Worldwide, chickens outnumber humans about three to one, but on the Garden Isle the number is twice that. Recent tracking suggests as many as 450,000 of these fowl are running amok on Kauai. That’s no paltry amount of poultry. Especially when you consider the population of the island is only around 73,000, meaning that for every local resident there are six chickens. Around here, when something darts out of the tall grass in front of your car, you may want to hit the brakes as it could easily be a mother hen and her trail of fuzzy chicks crossing the road right in front of you.

Which begs another question . . . Why did the chicken cross the road?

Here on Kauai, the answer to this age-old query is simple because chickens are everywhere! They don’t cross the road. They also roam parking lots, hang out by pools, wander restaurant patios, strut their stuff on the beach, and at this point some may have even learned how to surf and mix a mai tai. (But not at the same time. Because that would be weird.)

In short, Kauai is no place to be chicken of chickens.

So where did all these feral feathered friends come from? And for a place whose state fish is the oh-so-fancily-named humuhumunukunukuāpuaʻa, how is it that the most prevalent bird here is a hen?

Different theories have hatched over the years, but most locals will tell you that the first wave of wild chickens came ashore with the Polynesians over 1000 years ago. Then, in 1982 Hurricane Iwa hit the Hawaiian Island chain, battering Kauai most severely. The winds destroyed most of the island’s coops and blew countless chickens out of farms, scattering them from coast to coast. Taking “free range” to the next level, the chickens began to multiply all over the island. Ten years later, a second massive storm, Hurricane Iniki, flung the fowl further.

For a flightless bird, the Kauai chicken sure has had its share of air travel.

Another rooster-booster theory says that Kauai was the only one of the Hawaiian islands not to release an army of mongoose into the wild in 1883 to control rats in the sugarcane fields. (We could almost call this story Of Mice and Hen . . . but not quite.) These Indian mongoose also fed on chicken eggs, which naturally meant fewer chickens in the greater state of Hawaii. Kauai was apparently lowest in the pecking order of “The Mongoose Project”, so to this day the birds enjoy life here with few predators. Kauai is known for having a small snake population, too, so the only real threats to Kauai’s chickens are cats, dogs, motorcycles and cars. The locals don’t bother eating them as their meat is notoriously tough and much less delicious than that of the juicy poultry bred to make fajitas, coq au vin and chicken parmigiano. As for their eggs, they . . . well . . . lay an egg in the taste department, too, so no one is scrambling to gather and eat them.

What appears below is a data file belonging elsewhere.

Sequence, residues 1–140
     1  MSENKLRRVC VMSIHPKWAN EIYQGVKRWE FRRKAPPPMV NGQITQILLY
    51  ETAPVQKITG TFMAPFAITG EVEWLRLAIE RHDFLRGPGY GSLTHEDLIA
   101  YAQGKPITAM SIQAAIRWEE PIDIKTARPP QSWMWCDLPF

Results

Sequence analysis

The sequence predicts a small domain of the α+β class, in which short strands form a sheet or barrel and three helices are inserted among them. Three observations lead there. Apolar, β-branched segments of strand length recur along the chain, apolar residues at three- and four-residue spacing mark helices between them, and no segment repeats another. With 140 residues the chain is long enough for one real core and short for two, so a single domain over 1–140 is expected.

Because of all the displacement, Kauai’s wild chickens today are a blend of Jungle Fowl, farm hens, fighter roosters and various other breeds. The hens have brown plumage and subtler features, but the roosters are eggs-trodinarily handsome, sporting brilliant ruby-toned hackles, tall combs and shiny multi-color coats. The Kauai chicken (or “moa” in Hawaiian), is fast, adaptable and sports an air of entitlement. They are free to live as they please due to a state law that prohibits harming them in any way, so they act a little cocky. And though some complain that the Kauai roosters’ early morning alarm clucks (“shaka doodle doos”?) can be annoying, most folks enjoy the quirky presence of these beautiful birds.

And these are no spring chickens either; they are summer, fall and winter, too. In fact, these birds are so ubiquitous, chicken-inspired mugs, dish towels, T-shirts and bumper stickers proliferate Kauai gift shops. They are simply one of the Garden Isle’s (c)lucky charms.